How we reached this point, and what happens next.
The World Anti-Doping Agency (WADA) announced Monday that Russia would be banned from international sports for four years due to the continuation of state-sponsored doping programs, despite continued warnings and bans from the organization. If upheld, the decision would prevent Russia from fielding a team at the 2020 Olympic Games in Tokyo, but is this head-turning announcement merely a symbolic gesture that doesn’t really address the issue, or does WADA’s latest move actually have some teeth?
A statement by WADA president Sir Craig Reedie outlined why the anti-doping body had reached its decision on Russia.
“For too long, Russian doping has detracted from clean sport. The blatant breach by the Russian authorities of RUSADA’s reinstatement conditions, approved by the ExCo in September 2018, demanded a robust response. That is exactly what has been delivered today. Russia was afforded every opportunity to get its house in order and re-join the global anti-doping community for the good of its athletes and of the integrity of sport, but it chose instead to continue in its stance of deception and denial.”
How we reached this point:
In November 2015, German television network ARD reported on the breadth and scale of Russia’s state-sponsored doping scheme, which involved tampering with samples, and using a secret shadow lab during the 2014 games in Sochi, where Russian intelligence operatives would assist in swapping tainted samples with clean ones — using a hole in the wall of a lab.
These revelations led to the publication of an extensive report by WADA in June 2016, weeks before the Olympics in Rio were scheduled to begin. Sixty-eight members of the Russian track and field team were banned from the games as a result of the report, but critics slammed the IOC for being soft on Russia by not issuing a complete ban.
At the time, the IOC’s reasoning was that it did not have time to look over the report fully or verify all of WADA’s claims.
In November 2017, Russian president Vladimir Putin claimed that the WADA report was part of a conspiracy against him by the United States to hurt his chances of re-election, and to exact revenge for tampering with the 2016 U.S. Presidential election.
“The controlling stake is located in the United States, because the main companies that order and pay for television rights, the main sponsors, the main advertisement buyers and so forth are located there. I have very serious suspicions that this is done to create the necessary environment, to incite discontent among sports fans, athletes, that the state was allegedly involved in these violations and is responsible for them in response to our alleged interference in their elections, they want to create problems during the election of the president of Russia.”
Dick Pound, IOC delegate and former president of WADA has said publicly that he feels the IOC “dropped the ball” by not punishing Russia more harshly ahead of the Rio Olympics. Pound strongly criticized those inside the IOC whom he felt were making decisions based on their own re-election by protecting sponsorship money rather than protecting the sanctity of the games.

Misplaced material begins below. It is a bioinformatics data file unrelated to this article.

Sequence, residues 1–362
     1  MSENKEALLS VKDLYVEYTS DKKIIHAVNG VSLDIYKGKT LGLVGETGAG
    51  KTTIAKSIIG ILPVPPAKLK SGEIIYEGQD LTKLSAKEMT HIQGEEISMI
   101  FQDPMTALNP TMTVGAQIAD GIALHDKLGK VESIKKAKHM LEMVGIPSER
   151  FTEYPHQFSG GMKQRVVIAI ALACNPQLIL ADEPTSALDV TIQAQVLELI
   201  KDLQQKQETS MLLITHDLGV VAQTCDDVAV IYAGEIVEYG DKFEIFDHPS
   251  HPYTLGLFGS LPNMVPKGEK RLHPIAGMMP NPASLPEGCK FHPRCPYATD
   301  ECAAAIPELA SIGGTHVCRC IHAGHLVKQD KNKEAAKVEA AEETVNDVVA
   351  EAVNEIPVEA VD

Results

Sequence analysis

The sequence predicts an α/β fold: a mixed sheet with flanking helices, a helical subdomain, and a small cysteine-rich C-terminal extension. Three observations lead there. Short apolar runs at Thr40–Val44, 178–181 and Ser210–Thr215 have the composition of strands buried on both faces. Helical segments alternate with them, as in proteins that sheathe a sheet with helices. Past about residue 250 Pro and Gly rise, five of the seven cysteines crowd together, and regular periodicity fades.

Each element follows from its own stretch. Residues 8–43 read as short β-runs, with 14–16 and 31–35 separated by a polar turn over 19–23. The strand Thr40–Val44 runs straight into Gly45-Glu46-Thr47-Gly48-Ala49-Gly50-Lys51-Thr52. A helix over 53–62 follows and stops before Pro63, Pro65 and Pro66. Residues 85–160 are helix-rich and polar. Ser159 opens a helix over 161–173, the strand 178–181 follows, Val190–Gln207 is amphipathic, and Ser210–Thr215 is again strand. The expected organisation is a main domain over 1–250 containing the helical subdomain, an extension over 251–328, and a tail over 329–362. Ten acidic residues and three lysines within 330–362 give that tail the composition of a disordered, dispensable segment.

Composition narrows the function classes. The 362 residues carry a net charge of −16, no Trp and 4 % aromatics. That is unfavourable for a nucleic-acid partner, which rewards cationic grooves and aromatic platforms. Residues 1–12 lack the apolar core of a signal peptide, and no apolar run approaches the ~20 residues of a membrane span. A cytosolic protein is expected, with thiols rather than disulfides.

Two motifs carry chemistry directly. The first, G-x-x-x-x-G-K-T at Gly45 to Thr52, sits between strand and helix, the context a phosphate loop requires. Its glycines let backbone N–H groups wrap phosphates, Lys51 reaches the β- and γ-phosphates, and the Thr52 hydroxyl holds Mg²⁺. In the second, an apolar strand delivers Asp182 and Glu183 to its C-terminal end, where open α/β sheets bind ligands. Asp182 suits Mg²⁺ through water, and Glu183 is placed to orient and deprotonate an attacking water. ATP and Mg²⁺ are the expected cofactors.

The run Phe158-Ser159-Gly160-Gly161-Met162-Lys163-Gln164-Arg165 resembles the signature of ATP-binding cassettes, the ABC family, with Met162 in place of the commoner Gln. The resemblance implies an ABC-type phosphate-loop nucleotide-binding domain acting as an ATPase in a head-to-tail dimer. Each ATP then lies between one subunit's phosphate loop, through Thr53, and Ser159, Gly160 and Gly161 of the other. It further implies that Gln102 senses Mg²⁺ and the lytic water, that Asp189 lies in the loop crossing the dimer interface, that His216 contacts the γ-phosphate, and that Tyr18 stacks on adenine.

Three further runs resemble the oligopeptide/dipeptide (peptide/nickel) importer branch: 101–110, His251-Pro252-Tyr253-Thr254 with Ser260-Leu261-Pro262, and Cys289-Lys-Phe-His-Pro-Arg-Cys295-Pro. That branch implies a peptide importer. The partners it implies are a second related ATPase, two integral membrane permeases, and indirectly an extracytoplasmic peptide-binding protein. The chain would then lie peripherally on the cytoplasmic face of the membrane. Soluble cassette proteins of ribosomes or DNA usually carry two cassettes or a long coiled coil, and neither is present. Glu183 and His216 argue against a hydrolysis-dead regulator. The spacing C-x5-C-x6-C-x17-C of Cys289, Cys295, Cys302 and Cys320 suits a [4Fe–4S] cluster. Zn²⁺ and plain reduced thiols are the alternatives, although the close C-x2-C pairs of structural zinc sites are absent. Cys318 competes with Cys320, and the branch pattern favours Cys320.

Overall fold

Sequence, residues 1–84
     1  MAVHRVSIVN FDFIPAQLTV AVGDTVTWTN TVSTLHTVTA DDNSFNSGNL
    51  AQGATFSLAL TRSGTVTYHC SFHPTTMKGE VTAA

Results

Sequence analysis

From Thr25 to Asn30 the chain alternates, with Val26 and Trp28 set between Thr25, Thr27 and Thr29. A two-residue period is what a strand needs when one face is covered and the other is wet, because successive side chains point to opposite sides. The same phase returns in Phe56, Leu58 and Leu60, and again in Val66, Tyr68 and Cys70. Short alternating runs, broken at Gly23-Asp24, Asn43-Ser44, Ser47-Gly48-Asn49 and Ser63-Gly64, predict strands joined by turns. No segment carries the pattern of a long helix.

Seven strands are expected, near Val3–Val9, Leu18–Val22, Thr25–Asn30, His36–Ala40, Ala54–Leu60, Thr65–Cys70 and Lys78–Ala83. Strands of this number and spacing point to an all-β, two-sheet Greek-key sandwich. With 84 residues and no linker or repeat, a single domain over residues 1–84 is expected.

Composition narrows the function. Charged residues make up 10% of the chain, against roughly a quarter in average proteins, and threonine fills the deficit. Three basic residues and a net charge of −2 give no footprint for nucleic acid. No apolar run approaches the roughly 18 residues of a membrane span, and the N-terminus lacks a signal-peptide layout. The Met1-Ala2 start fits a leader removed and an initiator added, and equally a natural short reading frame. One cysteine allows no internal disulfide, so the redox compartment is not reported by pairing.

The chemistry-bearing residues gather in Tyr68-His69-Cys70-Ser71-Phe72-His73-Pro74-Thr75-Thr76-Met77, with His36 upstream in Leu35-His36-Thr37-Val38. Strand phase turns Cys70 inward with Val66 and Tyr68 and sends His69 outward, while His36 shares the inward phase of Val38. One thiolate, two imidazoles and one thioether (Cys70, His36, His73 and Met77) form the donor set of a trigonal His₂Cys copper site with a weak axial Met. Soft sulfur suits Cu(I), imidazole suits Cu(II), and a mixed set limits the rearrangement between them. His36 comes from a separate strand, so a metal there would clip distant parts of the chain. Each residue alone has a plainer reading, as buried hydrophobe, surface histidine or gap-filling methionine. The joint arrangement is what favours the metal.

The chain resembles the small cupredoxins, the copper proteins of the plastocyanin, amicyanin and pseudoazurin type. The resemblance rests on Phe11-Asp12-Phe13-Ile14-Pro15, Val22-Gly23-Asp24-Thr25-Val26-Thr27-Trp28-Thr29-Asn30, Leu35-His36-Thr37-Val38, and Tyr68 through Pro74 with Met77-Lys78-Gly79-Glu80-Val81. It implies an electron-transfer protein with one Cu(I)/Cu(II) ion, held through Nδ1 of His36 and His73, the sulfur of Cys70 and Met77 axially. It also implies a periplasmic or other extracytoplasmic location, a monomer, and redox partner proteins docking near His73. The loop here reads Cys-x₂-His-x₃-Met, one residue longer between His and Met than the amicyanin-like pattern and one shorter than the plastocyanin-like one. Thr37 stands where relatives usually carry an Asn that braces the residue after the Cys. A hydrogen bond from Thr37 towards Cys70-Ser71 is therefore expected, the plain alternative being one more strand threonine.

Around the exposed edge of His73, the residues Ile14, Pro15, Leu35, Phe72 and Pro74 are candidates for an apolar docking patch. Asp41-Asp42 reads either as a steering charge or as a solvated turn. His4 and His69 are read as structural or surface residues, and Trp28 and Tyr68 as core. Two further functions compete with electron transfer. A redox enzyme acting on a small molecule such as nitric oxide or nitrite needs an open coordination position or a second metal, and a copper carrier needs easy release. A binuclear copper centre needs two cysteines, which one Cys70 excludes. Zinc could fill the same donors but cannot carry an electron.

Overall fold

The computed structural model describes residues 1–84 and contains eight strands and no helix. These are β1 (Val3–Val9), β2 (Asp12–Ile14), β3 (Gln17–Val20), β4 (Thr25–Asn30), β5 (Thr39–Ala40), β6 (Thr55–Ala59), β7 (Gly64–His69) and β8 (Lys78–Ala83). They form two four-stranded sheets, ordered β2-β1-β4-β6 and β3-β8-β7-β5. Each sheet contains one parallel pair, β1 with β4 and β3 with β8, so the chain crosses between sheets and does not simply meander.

“I think it has gone too far, and the government shows no contrition or recognition regarding the established facts. That makes everyone complicit. The IOC needs to take control of the situation, rather than allow the Russians to pre-empt it by walking away.”
Fallout from the WADA report continued throughout 2017 when Russia was presented with a “roadmap to compliance” by the anti-doping body. The idea was Russia could work under the WADA guidelines and clean up their sport prior to the 2018 Winter Olympics. Despite little effort on Russia’s behalf, and no willingness to follow the roadmap, WADA still walked back its hard-line stance in an effort to make concessions to compete.
Finally, when it became apparent Russia had no desire to work on becoming compliant it was banned from competing in Pyeonchang. In September, Russia was reinstated based on a private letter from the Russian Ministry of Sport acknowledging the doping and committing to following the road map.
That was not met, leading to the ban now.
In addition to the four-year international competition ban, Russian government officials aren’t allowed to attend games, the Russian flag cannot be flown, and the country cannot bid to host any games until the end of the ban.
However, much like the 2016 Winter Olympics in Pyeongchang, Russian athletes will be able to compete in Tokyo and beyond under the banner of “Olympic Athlete from Russia,” a move which was criticized before the Winter Olympics as not going far enough to ensure the games are clean. Critics said it unfairly allowed previously dirty athletes back into competition with little in the way of ramifications. Proponents argued it was a way for innocent athletes to compete without unfairly paying for Russia’s violations.
It’s unclear how FIFA will deal with the WADA ban. Both the 2020 Euro and 2022 World Cup tournament fall inside the four year ban, and while they will abide by the WADA ruling, it’s unclear if FIFA will allow Russia to field a neutral team like the Olympic games, or simply ban the country from competing outright.
Despite these strong moves there’s ample room for skepticism. There has been a pattern of WADA bending over backwards to satisfy Russia, instead of pressuring the nation to fall in line. WADA ignored its own guidelines set for Russia in September 2018, instead allowing the country back in on what amounted to a promissory note from the government. In the time since, there has been no evidence that Russia has closed its infamous doping labs or allowed independent inspectors to observe the sites.